Notes, quotes and a thought or two...
Last week, I ventured down memory lane and recalled my first-ever football practice in seventh grade.
That was the day that I fell in love with the game of football and learned that I liked to hit people.
Not long after that first practice, it was time for our first-ever game of seventh grade football. The opponent was the Starkville seventh grade team.
As we were doing our pregame stretches, I couldn’t help but notice how big the seventh graders were from Starkville.
The Yellowjackets got the football to begin the game so I trotted out to my position, which was a defensive end/outside linebacker as memory serves me. I couldn’t help but notice a hulking kid in the opposing huddle as the coaches gave them the play.
The Yellowjackets broke the huddle and I was lining up outside of their left tackle, who was the hulking kid I had been spying. When he came to the line, it was even worse than I had feared. The kid had a full-grown beard and was easily 6-foot-2 and 250 pounds.
Now that may not sound like much, but considering I might have weighed 125 pounds soaking wet, I was at a huge weight disadvantage. Then there was the kid’s facial hair. When I say he had a full-grown beard, I mean it seemed like the ones those NFL linemen play with now and look like something out of Grizzly Adams. This was no ordinary seventh grader. This was a full-grown man in my opinion.
Then the Yellowjackets snapped the ball and Grizzly Adams fired off on me. He took me by the shoulder pads and drove me five yards down the field and drove me into the ground, something like a scene from “The Blind Side” when Michael Oher mauls some private-school kids.
This happened for five or six more plays as the Yellowjackets drove the ball down the field, all right at me. They eventually reached the end zone, and misery was over for a few minutes.
Old Coach Howard was on my butt all the way to the sidelines, telling me how I needed to get off the block. I’ll never forget my response.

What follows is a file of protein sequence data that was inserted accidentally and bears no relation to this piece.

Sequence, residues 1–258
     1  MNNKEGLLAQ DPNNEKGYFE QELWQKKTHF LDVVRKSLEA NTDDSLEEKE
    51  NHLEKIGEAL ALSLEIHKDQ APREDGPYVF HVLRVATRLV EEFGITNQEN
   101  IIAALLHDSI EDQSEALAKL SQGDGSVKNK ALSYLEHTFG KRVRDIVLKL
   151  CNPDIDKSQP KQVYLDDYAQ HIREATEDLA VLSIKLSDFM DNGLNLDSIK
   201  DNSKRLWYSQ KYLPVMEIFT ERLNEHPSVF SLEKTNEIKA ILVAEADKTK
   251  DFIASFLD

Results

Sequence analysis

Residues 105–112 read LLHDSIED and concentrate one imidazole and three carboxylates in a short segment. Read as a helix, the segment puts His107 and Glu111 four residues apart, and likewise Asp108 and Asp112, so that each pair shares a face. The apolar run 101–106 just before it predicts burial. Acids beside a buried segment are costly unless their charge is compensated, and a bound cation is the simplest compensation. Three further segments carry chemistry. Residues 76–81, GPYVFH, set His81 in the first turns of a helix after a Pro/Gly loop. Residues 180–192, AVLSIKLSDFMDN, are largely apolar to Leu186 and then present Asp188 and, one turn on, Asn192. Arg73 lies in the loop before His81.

“Coach, have you really looked at the kid. He’s got facial hair. He has more of a beard than you do coach.”
Coach Howard responded in true coach’s fashion. “I don’t want to hear any excuses, just play ball and hit somebody.”
Coach Howard patted on the back and told me to get a drink of water as he wandered by the Starkville huddle. He walked pretty close to old Grizzly Adams and then came to me on the sidelines and gave me some more words of wisdom.
“Dang Robertson, that boy’s a monster. You better not let him get his hands on you or he might kill you. Best thing you can do is shoot the gap or run away from that dude.”
That’s exactly what I did the rest of the night. I either shot the inside gap with a stunt or tried some of those Lawrence Taylor pass rush moves I had been watching.
Eventually old Grizzly Adams got tired and I was able to run around him, but I learned a couple of valuable lessons that night.
First off, don’t ever give up, no matter how overwhelming the odds.
And secondly, size does matter in football. There’s a reason the guys in the NFL are either huge or fast and some are both.
Thirdly, no matter how good or smart you think you are, there’s always somebody better, stronger or smarter. After my first couple of weeks of practice, I needed bringing down a notch or two. The experience brought me down to earth a good bit.
And then there’s the most important thing. Coach Chuck Friend told me this one day after a particularly rough high school practice where I had gotten knocked around pretty good. Walking off the practice field, Coach Friend came up to me and told me, “Son, everybody gets knocked down. It’s what you do after you get knocked down that matters. You’re going to get knocked down a lot in life. It’s what you do after you get knocked down that will define you as a man. You can either lay there or get up and fight back.”
Those words have served me well over the years and Coach Friend was right. Life is going to knock you down. Life isn’t fair and has knocked me down more times than I can count.
That’s why sports is an important part of our society. It teaches us some life lessons that stick with us for a lifetime.
Robbie Robertson is sports editor for The Newton County Appeal. You can reach him at firstname.lastname@example.org